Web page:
General Electric (NYSE:GE) recently filed documents with the SEC relating to the impending IPO of its North America consumer credit card segment, which is part of GE Capital.
The new business, which is up for IPO, will be named Synchrony Financial and will trade under the ticker symbol SYF. According to the SEC filing, 20% of Synchrony will be put up for sale to the public (IPO). The remaining 80% of Synchrony will be held by GE to be spun off later in 2015, potentially through some sort of share swap deal.
Commentators are reading too much into mind-numbingly routine details of the impending spin-off -- figures, dates, projections -- and overlooking the true purpose of the move.
Redefinition of revenue streams
In 2013, GE Capital accounted for 40% of GE's overall earnings. However by 2015, GE CEO Jeffrey Immelt says that GE Capital should account for 30% of GE's overall earnings. Why the deliberate move to redefine the revenue streams and reduce exposure in the financial segment?
The financial segment -- GE Capital -- requires a significant amount of leverage to achieve the same return on equity when stacked against the industrial sector. So, reduced exposure to the financial segment allows GE to reduce the amount of debt it takes and in effect improve its return on equity, allowing it to compete more effectively for investors relative to its industrial peers. Furthermore, overall interest rates are facing significant upward pressure amid the Fed's taper. As such, borrowing at such a time could be expensive for GE. It is therefore wise to reduce exposure in business segments such as GE Capital that stir the need for heavy borrowing relative to its alternative industrial segment.
The impending Synchrony Financial IPO and consequent full spin-off of the segment thereby serves to increase GE's return on equity and overall attractiveness to investors. In addition, it has its own unique set of benefits that if critically analyzed, are telling of the wider strategy at play.
First, let's look at the structure of the spin-off. GE will initially issue an IPO for 20% of Synchrony. Then in 2015, it will spin off the remaining 80% stake that it holds, effectively relinquishing its entire position in the operation.
Here is the catch: The Synchrony Financial IPO will be priced in such a way that there is some substantial upside to the stock post-IPO. As such, GE's 80% stake in the business will be deemed more attractive after the IPO. Ideally, GE should be able to spin off the 80% stake in 2015 at a good premium compared to the IPO price, giving it sufficient capital to push forward with its ambitious buyback program. In a recent letter to shareholders, GE asserted that it expects to return $90 billion to shareholders by 2016. The company returned $18 billion in 2013.
GE is focusing on creating shareholder value to drive up demand for its shares and allow it to more easily raise capital through the equity market, which is safer and allows for flexibility when compared with the debt market. Unlike the case with capital sourced from debt instruments, a company doesn't necessarily have to pay back equity, and even when it does share its profit to shareholders or the providers of equity, the rate at which it pays out dividends is entirely at its discretion -- though there is often a distinction between this ideal and the actual reality; does the term activist investing or the name Carl Icahn ring a bell?
Why does GE have an insatiable need for capital, particularly 'safer' capital from equity markets?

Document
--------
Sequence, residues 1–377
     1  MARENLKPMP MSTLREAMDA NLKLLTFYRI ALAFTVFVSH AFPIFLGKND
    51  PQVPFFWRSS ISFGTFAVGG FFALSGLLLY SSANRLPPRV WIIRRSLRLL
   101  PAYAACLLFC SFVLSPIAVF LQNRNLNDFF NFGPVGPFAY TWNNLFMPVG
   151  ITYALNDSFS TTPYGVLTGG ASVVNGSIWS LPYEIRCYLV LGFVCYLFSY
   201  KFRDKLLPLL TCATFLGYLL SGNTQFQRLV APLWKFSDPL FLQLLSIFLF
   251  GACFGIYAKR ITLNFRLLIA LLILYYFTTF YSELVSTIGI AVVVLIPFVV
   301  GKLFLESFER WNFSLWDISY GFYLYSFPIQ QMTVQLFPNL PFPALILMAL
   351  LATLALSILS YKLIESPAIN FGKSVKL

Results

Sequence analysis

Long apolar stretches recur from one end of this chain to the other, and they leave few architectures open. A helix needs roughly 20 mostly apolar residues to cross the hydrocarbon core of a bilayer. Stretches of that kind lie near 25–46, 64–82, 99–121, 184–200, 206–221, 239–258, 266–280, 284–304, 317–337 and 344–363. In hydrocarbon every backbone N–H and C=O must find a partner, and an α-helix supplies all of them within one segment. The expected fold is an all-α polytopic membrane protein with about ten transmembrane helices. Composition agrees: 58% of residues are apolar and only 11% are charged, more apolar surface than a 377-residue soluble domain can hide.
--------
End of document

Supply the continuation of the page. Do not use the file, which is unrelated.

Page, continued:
All roads lead to oil and gas production infrastructure
By reducing overall downside risks, GE will be able to attract investors in the equity market, giving it 'safer' capital needed to throw its full weight behind the industrial segment, particularly oil and gas infrastructure.
As my colleague Isaac Pino argued in a previous article, GE is putting a lot of emphasis on innovation and efficiency, including pushing forward with efforts to reduce its new product introduction cycle by 30% over the next few years in order to present first-to-market solutions to its customers.
This renewed interest in innovation is slowly pushing GE into the epicenter of America's shale boom narrative. GE has identified a huge problem with fracking -- the technology behind America's oil production resurgence.
Shale output declines faster than output from unconventional plays. One estimate from the International Energy Agency says that it will take up to 2,500 new wells a year to sustain output of 1 million barrels per day in North Dakota's Bakken shale. In stark contrast, Iraq could comfortably do the same with 60 wells.
This means that for the U.S. to increase its output at a faster pace, it will need to engage in more drilling and production when compared with other countries that pursue conventional plays. But there is a downside. Fracking is not only cripplingly expensive relative to conventional methods reduced production in the overall upstream industry is indicative -- but it also uses unsustainable volumes of water.
General Electric is advancing a capture-use-recapture system that uses CO2 instead of water for fracking. The CO2 is recycled. This reduces overall costs and limits carbon emissions. In addition, the CO2 reduces the need for water, conserving current supplies.
Overall, GE's capture-use-recapture CO2 system should be a game changer in the oil and gas production sector as producers are looking for cheaper and greener ways to produce oil and remain competitive. This new fracking solution, if properly explored, will allow GE to widen its revenue streams from the industrial sector. However, the implementation and marketing will require heavy capital spending.
This explains the reduced exposure in risky highly leveraged segments such as GE Capital as well as the deliberate attempt to make GE's shares more attractive in order to rope in more investors in the equity markets.